"Back home we lost eve­rything in the war, and we learned to place less impor­tance on that which passes away and more importance on that which lasts."

The missionary mused: "Was I dreaming? We have heard so often The hungry stomach has no ears' that we misread the Epistle to the Romans to say, 'Faith comes from what one eats,' instead of 'Faith comes by hearing, and hearing by the Word of God.'

"We must not fail to share our bread with those who are hungry, but nei­ther dare we forget that 'man shall not live by bread alone.' "

— Charles Daniel Maire Abidjan, Ivory Coast



larence Jordan, au­thor of the "Cotton Patch" New Tes­tament translation and founder of the interracial Koinonia farm in Ameri-cus, Georgia, was getting a red-carpet tour of anoth­er minister's church. With pride the minister pointed to the rich, imported pews and luxurious decorations.

As they stepped outside, darkness was falling, and a spotlight shone on a huge cross atop the steeple.

"That cross alone cost us ten thousand dollars," the minister said with a satis­fied smile.

"You got cheated," said Jordan. "Times were when Christians could get them for free."

— Michael Jinkins Itasca, Texas



mputees often experience some sensation of a phantom limb. Somewhere, locked in their brains, a memory lingers of the nonexistent hand or leg. Invisible toes curl, imaginary hands grasp things, a "leg" feels so sturdy a patient may try to stand on it.

For a few, the experience includes pain. Doctors watch helplessly, for the part of the body screaming for attention does not exist.

One such patient was my medical school adminis­trator, Mr. Barwick, who had a serious and painful circulation problem in his leg but refused to allow the recommended amputation.

As the pain grew worse, Barwick grew bitter.

"I hate it! I hate it!" he would mutter about the leg. At last he relented and told the doctor, "I can't stand it anymore. I'm through with that leg. Take it off." Surgery was scheduled immediately.

Before the operation, however, Barwick asked the doctor, "What do you do with legs after they're removed?"

"We may take a biopsy or explore them a bit, but afterwards we incinerate them," the doctor replied.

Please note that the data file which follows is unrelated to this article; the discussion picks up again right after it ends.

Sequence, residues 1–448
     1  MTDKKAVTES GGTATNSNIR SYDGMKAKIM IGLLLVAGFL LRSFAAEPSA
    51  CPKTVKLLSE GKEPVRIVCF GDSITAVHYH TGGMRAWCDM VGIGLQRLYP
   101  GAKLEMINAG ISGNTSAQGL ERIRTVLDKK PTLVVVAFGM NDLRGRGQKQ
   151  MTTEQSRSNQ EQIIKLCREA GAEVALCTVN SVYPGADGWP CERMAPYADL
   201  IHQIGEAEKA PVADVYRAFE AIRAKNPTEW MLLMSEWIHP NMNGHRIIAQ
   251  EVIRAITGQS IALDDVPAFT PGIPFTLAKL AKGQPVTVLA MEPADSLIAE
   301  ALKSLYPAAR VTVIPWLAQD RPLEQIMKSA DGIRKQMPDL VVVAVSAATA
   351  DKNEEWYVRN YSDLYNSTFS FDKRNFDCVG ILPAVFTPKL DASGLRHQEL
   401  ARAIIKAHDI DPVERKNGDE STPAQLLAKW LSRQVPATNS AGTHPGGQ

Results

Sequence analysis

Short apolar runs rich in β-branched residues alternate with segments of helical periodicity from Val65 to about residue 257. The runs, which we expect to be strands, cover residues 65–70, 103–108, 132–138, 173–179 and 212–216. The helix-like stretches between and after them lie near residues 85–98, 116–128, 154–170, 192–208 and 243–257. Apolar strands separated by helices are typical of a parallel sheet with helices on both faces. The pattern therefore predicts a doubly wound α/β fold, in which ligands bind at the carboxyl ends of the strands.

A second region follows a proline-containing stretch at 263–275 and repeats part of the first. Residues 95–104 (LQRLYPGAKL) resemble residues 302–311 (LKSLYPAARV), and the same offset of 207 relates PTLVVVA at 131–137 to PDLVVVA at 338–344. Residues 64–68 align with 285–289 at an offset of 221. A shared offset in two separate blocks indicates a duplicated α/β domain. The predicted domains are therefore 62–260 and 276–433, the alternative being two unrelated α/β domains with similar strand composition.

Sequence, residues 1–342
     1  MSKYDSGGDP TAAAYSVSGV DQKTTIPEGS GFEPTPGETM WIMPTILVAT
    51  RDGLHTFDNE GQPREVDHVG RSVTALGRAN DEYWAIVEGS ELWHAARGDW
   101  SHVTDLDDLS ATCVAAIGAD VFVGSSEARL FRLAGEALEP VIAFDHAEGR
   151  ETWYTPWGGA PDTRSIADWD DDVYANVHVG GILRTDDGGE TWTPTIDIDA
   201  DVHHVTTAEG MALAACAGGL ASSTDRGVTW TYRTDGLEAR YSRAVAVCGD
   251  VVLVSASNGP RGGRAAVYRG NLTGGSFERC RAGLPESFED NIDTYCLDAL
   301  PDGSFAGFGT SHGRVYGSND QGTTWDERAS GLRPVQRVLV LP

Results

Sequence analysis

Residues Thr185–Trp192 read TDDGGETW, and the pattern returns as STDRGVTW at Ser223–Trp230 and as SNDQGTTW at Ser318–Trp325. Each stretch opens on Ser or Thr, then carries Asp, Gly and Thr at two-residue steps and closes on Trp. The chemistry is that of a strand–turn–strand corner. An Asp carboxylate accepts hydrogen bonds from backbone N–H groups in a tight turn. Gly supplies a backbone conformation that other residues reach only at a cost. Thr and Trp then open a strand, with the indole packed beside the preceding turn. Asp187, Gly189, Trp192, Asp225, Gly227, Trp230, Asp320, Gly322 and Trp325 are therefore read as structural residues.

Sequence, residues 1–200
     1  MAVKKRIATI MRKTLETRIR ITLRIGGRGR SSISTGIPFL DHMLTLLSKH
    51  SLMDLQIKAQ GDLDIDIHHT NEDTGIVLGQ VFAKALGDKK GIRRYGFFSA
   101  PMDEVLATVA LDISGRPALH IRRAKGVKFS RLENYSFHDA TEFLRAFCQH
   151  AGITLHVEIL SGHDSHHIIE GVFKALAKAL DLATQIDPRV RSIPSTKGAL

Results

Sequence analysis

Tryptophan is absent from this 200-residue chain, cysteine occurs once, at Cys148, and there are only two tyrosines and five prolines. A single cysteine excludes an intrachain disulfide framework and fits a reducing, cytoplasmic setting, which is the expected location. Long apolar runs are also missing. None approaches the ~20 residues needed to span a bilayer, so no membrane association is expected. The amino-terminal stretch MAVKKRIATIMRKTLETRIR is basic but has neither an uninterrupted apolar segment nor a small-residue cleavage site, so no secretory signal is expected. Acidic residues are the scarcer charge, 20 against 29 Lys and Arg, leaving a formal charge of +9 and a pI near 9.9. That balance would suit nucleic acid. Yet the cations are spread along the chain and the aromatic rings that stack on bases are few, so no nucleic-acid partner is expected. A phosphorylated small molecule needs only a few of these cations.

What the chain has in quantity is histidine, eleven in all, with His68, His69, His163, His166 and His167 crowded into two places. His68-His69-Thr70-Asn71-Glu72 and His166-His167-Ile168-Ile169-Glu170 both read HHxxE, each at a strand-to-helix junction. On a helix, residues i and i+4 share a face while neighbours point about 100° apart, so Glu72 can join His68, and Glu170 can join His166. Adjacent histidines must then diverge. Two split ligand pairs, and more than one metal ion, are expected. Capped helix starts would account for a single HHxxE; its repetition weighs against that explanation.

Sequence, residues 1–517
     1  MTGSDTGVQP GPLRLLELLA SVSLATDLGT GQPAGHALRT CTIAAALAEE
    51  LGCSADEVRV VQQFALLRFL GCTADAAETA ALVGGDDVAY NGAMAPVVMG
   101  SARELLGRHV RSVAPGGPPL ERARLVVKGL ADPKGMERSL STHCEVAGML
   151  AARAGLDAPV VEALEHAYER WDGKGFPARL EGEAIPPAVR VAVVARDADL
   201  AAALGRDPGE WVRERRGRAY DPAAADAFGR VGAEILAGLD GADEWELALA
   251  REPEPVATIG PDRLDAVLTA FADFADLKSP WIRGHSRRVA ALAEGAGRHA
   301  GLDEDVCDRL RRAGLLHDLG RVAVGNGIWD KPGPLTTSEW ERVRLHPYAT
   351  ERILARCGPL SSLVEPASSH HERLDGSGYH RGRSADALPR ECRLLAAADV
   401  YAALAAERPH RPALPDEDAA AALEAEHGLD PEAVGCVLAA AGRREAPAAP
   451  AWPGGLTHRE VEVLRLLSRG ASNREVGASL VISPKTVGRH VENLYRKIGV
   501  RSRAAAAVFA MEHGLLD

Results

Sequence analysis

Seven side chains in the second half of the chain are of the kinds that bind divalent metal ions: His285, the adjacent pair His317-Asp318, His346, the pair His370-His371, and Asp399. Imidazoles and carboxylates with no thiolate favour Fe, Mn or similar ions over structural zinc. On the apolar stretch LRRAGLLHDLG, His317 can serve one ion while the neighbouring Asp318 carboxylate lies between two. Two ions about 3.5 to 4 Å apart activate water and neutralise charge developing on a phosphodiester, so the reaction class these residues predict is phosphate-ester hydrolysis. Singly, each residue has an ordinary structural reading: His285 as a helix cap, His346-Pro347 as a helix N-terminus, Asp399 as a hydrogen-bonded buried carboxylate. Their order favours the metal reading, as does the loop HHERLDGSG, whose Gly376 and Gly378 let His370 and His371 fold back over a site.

Barwick proceeded with a bizarre request: "I would like you to preserve my leg in a pickling jar. I will install it on my mantle shelf. Then, as I sit in my armchair, I will taunt that leg, 'Hah! You can't hurt me anymore!' "

Ultimately, he got his wish. But the despised leg had the last laugh.

Barwick suffered phantom limb pain of the worst degree. The wound healed, but he could feel the torturous pressure of the swelling as the muscles cramped, and he had no prospect of relief. He had hated the leg with such intensity that the pain had unaccountably lodged permanently in his brain.

To me, phantom limb pain provides wonderful insight into the phenomenon of false guilt. Christians can be obsessed by the memory of some sin commit­ted years ago. It never leaves them, crippling their ministry, their devotional life, their relationships with others. They live in fear that someone will discover their past. They work overtime trying to prove to God they're truly repentant. They erect barriers against the enveloping, loving grace of God.

Unless they experience the truth in 1 John 3:19-20 that "God is greater than our conscience," they be­come as pitiful as poor Mr. Barwick, shaking his fist in fury at the pickled leg on the mantle.

— Dr. Paul Brand and Philip Yancey



 recent novel by Madeleine L'Engle is entitled A Sev­ered Wasp. If you're addres­sing young people or some other audience with strong stomachs, the title, which comes from one of George Orwell's essays, offers a graphic image of human lostness.

Orwell describes a wasp that "was sucking jam on my plate and I cut him in half. He paid no attention, merely went on with his meal, while a tiny stream of jam trickled out of his severed esophagus. Only when he tried to fly away did he grasp the dreadful thing that had happened to him."

The wasp and people without Christ have much in common. Severed from their souls, but greedy and unaware, people continue to consume life's sweet­ness. Only when it's time to fly away will they grasp their dreadful condition.

What are the most effective illustrations you've come across? We want to share them with other pastors and teachers who need material that communicates with clar­ity and imagination. For items used, leadership will pay $15. If the material has been previously published, please in­clude the source.

Stories, analogies, and word pictures should be sent to: